With Marvel and DC solidly cornering the superhero market it can be hard for more independent shows to make their mark. However, with the popularity of shows such as Netflix’s Umbrella Academy and Amazon’s The Boys, superhero fares offering something a bit different have seen a spike in popularity.
Jupiter’s Legacy, based on comic books of the same name, takes a grittier twist on the classic hero adventure. Following a group of ageing superheroes who form a collective called “The Union,” the show flits from the alternate present in which superheroes are norm as protectors to the 1930s exploring the treacherous adventure which led to the Union’s inception. Each episode offers an in depth exploration of different main cast members while simultaneously propelling the action forward at an exciting pace in both the past and present.
Written by Tresca Mallon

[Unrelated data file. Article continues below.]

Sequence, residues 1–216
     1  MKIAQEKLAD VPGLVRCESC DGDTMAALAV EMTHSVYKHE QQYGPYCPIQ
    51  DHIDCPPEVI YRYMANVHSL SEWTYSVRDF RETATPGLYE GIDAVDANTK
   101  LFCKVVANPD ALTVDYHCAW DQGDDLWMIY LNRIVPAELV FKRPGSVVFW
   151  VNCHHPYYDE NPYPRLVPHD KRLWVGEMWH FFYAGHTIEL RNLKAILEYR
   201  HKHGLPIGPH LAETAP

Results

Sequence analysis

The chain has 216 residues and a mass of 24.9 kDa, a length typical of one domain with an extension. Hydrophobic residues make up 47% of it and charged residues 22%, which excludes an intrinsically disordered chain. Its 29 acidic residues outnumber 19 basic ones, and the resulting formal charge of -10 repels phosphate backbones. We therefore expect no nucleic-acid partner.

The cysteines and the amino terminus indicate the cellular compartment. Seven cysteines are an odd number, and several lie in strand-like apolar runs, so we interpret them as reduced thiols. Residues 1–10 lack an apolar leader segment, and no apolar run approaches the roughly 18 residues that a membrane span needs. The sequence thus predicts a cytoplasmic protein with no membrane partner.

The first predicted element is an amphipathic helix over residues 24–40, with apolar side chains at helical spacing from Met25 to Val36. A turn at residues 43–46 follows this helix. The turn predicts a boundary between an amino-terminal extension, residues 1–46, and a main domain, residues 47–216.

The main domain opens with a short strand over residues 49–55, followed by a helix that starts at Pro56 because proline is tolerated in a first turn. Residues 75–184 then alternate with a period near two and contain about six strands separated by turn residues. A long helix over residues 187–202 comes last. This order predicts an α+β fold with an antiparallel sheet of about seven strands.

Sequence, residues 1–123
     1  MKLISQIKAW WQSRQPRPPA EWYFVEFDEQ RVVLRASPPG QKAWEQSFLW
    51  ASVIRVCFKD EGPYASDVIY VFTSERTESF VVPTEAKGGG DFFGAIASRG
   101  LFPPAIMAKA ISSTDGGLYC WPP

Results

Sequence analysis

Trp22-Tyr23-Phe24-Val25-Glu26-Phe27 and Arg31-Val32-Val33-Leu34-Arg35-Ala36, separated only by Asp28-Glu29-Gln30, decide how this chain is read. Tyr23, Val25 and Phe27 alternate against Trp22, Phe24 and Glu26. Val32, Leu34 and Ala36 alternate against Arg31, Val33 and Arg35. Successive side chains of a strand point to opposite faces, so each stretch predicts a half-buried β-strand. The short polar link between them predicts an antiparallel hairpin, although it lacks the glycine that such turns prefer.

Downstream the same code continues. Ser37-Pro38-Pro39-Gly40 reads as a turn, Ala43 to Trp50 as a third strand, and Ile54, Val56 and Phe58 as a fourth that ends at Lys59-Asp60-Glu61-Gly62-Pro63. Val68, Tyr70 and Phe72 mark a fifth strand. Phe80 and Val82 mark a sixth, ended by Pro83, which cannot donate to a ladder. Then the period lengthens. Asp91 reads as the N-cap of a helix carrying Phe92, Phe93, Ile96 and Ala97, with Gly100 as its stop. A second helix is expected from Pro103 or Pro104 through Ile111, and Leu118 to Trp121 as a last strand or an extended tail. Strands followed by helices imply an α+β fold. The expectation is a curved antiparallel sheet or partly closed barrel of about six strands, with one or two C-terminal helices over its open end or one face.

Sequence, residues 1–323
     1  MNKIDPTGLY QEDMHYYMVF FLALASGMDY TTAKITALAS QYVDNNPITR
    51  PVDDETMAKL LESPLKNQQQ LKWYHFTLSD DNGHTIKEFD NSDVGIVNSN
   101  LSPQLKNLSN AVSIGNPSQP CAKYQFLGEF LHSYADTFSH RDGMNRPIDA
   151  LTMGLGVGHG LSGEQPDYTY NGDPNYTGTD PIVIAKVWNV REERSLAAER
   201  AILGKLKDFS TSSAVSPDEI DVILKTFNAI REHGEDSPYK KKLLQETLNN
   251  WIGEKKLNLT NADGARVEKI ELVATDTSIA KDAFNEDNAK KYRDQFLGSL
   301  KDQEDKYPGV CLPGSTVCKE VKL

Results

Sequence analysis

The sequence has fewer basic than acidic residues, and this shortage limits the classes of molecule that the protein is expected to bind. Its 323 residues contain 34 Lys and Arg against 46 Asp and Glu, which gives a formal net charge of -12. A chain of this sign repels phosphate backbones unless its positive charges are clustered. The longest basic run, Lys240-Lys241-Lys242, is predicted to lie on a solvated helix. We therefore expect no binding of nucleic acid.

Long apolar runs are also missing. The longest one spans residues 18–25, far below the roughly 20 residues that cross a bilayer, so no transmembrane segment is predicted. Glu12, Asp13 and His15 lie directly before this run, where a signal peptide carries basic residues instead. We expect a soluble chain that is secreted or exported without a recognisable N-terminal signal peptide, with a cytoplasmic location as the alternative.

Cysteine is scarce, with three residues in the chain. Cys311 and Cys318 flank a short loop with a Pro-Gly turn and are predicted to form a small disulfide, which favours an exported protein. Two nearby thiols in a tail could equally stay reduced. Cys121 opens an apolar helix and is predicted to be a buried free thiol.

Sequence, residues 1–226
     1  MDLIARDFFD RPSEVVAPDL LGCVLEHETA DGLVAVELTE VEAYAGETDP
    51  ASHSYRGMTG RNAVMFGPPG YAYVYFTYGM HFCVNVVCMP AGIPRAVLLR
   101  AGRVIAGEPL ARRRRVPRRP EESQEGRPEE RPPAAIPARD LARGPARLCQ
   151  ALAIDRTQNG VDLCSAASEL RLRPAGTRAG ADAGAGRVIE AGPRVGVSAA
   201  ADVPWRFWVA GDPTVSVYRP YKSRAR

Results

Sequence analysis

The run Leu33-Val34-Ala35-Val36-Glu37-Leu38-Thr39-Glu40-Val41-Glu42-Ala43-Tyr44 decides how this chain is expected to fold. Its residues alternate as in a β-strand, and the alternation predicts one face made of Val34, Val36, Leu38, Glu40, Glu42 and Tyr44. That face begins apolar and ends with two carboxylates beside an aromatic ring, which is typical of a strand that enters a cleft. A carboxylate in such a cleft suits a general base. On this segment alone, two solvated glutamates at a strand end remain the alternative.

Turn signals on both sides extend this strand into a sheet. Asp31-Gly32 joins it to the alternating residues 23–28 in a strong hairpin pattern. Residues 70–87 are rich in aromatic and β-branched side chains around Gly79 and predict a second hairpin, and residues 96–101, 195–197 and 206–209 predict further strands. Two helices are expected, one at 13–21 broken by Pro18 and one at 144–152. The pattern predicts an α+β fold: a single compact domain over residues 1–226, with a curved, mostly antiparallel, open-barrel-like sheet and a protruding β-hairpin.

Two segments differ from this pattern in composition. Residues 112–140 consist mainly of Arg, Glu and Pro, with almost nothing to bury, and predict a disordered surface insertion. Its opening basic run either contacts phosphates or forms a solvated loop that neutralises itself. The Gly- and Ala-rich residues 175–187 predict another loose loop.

In just eight episodes, we are introduced to a plethora of characters making up the Union, past and present. Firstly we have the original six members. Sheldon AKA Utopian (Josh Duhamel), establishes himself as a multifaceted and flawed protagonist. The golden child in his family in the 1930s and leader of the Union, he sees the world it black and white and is unable to deviate from his self-imposed code. This makes him an indomitable and at times unbearable morally upstanding figure in the lives of his friends and family. His brother Walter AKA Brainwave (Ben Daniels), is, on one hand, Sheldon’s pragmatic older brother and on the other a bitter understudy to his impressive sibling. For much of the season he acts as a sounding board for Sheldon’s more intense personality, however, in the penultimate episode we get an insight into the fissures of tension between the brothers and the disparities in their world-views. Then there is Grace AKA Lady Liberty (Leslie Bibb). In the 1930s she was a hot-headed, liberated journalist. In the present, despite being a badass superhero, she seems to have gained her powers and lost her voice. Her agency is robbed by her duty to her country, the Union and her family. While towards the end of the season, she asserts herself against her husband Sheldon, she still fades somewhat into the background. George AKA Skyfox (Mike Lanter), Sheldon’s best friend in the 1930s, is a charismatic posh-boy with a vulnerable side. He is a second brother to Sheldon and has an unexplained frosty relationship with Walter. He is mysteriously absent in the present, with allusions to his breaking away from the Union and becoming a supervillain. We are teased the entire season as to whether he will be the series lead antagonist. Fitz Small AKA The Flare (Mike Wade) formerly worked in Sheldon’s father’s factory in the 1930s. He is in a wheelchair in the present with allusions to an unexplained accident in his younger life. There is an acknowledgment of the difference in his circumstances as a black man in America in the 1930s, however, it does not define his character. The final member of the original six is Richard Conrad AKA Blue-Bolt (David Julian Hirsch) who we are only briefly introduced to in the last two episodes as a shipwrecked neonatal surgeon. He is queer-coded which is inkeeping with the comics canon. His storyline is left wide open for development in season two.